What Drives Sharing of Online Digital Content? The Case of YouTube Video Ads on Social Media

Gerard J. Tellis, Deborah J. MacInnis, Seshadri Tirunillai, and Yanwei Zhang, 2019, 19-110-02

What drives consumers to share online digital content? Marketers have a strong interest in consumers’ involvement with and sharing of their ads; however, prior studies have described the characteristics of ads that have achieved viral status in the marketplace, rather than drivers of ad sharing. 

To understand the drivers of ad sharing (measured continuously), Gerard Tellis, Deborah MacInnis, Seshadri Tirunillai, and Yanwei Zhang examine sharing behavior across the four major media (Facebook, LinkedIn, Twitter and Google+). Their context is online video ads that advertisers have uploaded to YouTube.

The authors test six theoretically-derived hypotheses about how ad characteristics influence digital sharing. Two independent field studies test these hypotheses using over 11 measures of emotions and over 60 ad characteristics. Two studies using different ads, different time periods, and different raters find consistent support for the hypotheses. These effects are significant and robust.

  1. The use of information appeals generally has a significant negative effect on social sharing.
  2. Three variables moderate the extent to which information focused ads are shared. Specifically, information-focused ads positively affect sharing when the advertised item involves product, purchase or social risk, as is true when the product or service is new, when its price is high, and when content is shared on LinkedIn as opposed to Facebook, Twitter, and Google+.
  3. Ads that evoke positive emotions of inspiration, warmth, amusement, and excitement stimulate significantly positive social sharing.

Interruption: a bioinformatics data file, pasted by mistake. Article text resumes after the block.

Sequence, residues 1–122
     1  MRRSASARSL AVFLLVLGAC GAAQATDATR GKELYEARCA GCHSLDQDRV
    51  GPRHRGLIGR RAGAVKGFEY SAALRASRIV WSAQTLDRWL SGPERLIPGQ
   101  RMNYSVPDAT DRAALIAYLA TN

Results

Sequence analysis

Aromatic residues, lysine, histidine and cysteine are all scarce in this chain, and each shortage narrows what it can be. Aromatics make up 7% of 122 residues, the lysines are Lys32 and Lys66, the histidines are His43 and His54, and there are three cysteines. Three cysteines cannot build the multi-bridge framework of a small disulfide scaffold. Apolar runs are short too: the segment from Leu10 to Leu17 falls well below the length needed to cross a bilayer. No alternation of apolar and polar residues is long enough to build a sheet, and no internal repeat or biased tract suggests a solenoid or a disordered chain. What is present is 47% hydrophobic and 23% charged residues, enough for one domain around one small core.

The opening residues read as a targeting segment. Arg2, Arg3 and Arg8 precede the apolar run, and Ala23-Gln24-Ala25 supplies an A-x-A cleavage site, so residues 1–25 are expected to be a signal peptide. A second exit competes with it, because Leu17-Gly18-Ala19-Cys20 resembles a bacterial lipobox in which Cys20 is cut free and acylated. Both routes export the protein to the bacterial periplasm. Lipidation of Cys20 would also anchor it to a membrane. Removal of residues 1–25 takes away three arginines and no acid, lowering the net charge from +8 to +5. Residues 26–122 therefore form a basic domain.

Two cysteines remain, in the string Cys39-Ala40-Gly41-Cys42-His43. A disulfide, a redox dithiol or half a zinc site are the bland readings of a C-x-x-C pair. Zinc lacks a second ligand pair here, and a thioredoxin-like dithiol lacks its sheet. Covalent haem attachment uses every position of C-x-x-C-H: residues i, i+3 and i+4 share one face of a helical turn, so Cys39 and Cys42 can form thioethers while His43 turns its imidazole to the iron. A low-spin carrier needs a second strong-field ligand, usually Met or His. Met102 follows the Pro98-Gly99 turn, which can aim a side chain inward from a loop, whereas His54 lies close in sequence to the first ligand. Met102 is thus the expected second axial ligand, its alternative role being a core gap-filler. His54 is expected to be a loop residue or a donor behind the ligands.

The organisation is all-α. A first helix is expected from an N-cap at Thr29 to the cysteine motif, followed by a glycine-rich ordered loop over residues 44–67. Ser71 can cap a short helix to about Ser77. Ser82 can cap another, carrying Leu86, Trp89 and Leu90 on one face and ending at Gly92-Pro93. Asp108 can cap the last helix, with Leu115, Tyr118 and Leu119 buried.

4. Ads that use drama, surprise, celebrities, and babies/animals significantly affect positive uplifting emotions and induce sharing.
  5. Brand prominence impairs sharing. Early or intermittent display of the brand name drives significantly less sharing than late placement of the brand name.
  6. The relationship between social shares and ad length is characterized by an asymmetric inverted U curve, with ads between 1.2 to 1.7 minutes being most likely to be shared.

A third study shows that the drivers of viral videos predict sharing fairly well in an entirely independent sample. A fourth study shows the importance of viral videos by their abnormal returns on stock prices. In other words, shared video ads can drive up stock prices, perhaps because the buzz they generate makes people want to invest in the company. 

These findings have the potential to influence how marketers develop ads so that they have greater potential to become viral.

Gerard J. Tellis ( is Professor, Director of the Center for Global Innovation and Neely Chair of American Enterprise at the Marshall School of Business, University of Southern California. Deborah J. MacInnis ( is the Charles L. and Ramona I. Hilliard Professor of Business Administration and Professor of Marketing at the Marshall School of Business, University of Southern California. Seshadri Tirunillai is Assistant Professor at the Bauer College of Business, University of Houston. Yanwei (Wayne) Zhang ( is Data Scientist, Uber Technologies Inc.

This study benefited from a grant from the Marketing Science Institute and from a grant from Don Murray to the USC Marshall Center for Global Innovation.



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